Tagged: free trade

Canada and the TPP - The Dismal Science

Eric Crampton Sep 28, 2015

Canada, you make me sad. Late last week, the Liberals said they won’t support any TPP deal that makes concessions on supply management in dairy. This is no longer the party of Martha Hall Findlay, who was about the lone voice of sanity on Canadian dairy. Here’s how the Liberals’ ag critic is now pitching it: “If … Read More

More evidence of free trade payoffs - The Dismal Science

Donal Curtin Sep 25, 2014

Post-election, thoughts have turned - finally - to policy. It's reported in the Herald that among the likely policy initiatives over the next three years, John Key "identified progress on a trade deal with South Korea, which is close to a conclusion, and the Trans Pacific Partnership as priorities".A bilateral deal with South Korea is definitely a good idea: … Read More

The payoff from a Free Trade Agreement - The Dismal Science

Donal Curtin Aug 05, 2014

Last week the Business Council of Australia released a report, Building Australia's Comparative Advantage, which in turn built on another report, Compete to Prosper: Improving Australia’s global competitiveness, which they had commissioned from McKinsey Australia. I haven't read either of them fully yet, and I'm not too sure whether I buy into the "let's aggregate industries into globally competitive … Read More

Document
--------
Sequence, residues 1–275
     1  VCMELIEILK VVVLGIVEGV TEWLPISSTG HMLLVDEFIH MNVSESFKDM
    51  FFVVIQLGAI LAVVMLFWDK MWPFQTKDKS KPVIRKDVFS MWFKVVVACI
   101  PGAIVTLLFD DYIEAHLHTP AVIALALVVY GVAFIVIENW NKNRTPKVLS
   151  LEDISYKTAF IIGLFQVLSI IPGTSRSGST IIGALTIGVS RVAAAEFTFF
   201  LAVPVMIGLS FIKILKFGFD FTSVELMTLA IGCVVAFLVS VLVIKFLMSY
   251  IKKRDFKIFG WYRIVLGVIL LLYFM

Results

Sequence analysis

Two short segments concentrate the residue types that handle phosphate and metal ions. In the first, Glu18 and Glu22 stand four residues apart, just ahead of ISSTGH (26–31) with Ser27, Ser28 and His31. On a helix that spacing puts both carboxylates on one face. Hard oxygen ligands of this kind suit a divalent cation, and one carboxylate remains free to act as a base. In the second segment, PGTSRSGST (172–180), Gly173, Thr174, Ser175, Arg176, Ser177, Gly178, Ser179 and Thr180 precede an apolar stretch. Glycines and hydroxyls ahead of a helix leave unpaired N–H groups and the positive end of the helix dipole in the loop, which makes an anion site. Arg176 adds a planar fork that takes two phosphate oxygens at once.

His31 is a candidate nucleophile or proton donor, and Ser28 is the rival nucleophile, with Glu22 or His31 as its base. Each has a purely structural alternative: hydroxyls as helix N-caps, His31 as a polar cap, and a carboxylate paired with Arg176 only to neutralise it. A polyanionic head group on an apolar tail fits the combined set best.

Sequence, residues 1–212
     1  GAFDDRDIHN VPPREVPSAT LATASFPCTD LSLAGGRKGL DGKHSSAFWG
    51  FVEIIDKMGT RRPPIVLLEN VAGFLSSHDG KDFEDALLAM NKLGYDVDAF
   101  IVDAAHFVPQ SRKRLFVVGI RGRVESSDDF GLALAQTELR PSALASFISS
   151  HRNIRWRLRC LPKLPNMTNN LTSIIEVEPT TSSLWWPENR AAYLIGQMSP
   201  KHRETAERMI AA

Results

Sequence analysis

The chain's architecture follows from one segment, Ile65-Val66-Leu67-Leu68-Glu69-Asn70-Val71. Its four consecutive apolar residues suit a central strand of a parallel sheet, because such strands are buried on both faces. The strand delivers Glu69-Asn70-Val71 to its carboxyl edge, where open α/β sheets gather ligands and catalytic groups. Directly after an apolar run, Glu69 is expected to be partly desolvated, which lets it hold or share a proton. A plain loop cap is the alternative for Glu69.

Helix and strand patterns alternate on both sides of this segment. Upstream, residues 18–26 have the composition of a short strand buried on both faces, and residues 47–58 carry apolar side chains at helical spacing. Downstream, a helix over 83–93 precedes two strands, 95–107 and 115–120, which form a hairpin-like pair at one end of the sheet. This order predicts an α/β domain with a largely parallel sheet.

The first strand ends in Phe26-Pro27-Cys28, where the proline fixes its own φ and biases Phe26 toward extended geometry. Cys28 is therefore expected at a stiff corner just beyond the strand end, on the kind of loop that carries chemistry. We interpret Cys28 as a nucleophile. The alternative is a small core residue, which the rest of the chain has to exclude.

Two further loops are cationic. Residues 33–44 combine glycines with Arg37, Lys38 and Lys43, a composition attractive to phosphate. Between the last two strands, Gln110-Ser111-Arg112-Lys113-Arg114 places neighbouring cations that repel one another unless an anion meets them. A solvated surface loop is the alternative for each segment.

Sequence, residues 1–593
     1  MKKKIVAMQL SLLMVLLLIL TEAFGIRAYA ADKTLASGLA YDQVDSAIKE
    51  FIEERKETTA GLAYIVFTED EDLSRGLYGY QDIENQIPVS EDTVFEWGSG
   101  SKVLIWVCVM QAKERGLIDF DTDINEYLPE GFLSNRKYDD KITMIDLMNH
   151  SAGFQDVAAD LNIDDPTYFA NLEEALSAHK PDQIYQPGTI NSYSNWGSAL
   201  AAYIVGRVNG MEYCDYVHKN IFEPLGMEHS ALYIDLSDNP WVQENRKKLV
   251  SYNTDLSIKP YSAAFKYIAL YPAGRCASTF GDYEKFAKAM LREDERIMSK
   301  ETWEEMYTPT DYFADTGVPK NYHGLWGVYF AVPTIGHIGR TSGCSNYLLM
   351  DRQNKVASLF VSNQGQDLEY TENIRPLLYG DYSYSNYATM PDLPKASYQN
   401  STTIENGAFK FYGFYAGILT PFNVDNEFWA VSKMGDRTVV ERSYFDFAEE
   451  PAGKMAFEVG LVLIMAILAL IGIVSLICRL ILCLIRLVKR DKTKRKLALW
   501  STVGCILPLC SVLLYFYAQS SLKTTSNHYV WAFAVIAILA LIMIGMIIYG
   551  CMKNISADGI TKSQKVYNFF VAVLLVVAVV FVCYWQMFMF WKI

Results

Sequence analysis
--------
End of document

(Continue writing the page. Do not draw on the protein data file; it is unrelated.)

Currency controls invite arbitrage - The Dismal Science

Eric Crampton Sep 29, 2013

Among the items of Departmental Lore handed down through the ages to me, a then recent migrant to the country and member of the Department, were the tales from New Zealand's dark ages of capital controls and import controls. Prior to the reforms of the 1980s, you needed permission from the government to purchase foreign currency as capital controls were … Read More

Competition in small markets - The Dismal Science

Eric Crampton Sep 13, 2013

Another for the "New Zealand's Fixed Costs Matter" file: Aaron Schiff posts on the relative lack of competition in New Zealand. Where inefficient firms are driven from the market in other places, New Zealand has a long tail of pretty unproductive outfits. Roger Procter has dug into the stats a bit deeper and found that some New Zealand firms have … Read More

Safety preferences - The Dismal Science

Eric Crampton May 06, 2013

Economists know a few things. Among the things I think we know:People generally require compensation to take on a known risk of death or injury: safety is a good for most people; As people get richer, they require more compensation to take on a risk of given size: safety is a superior good; Risk-tolerance is heterogeneous across individuals, and not … Read More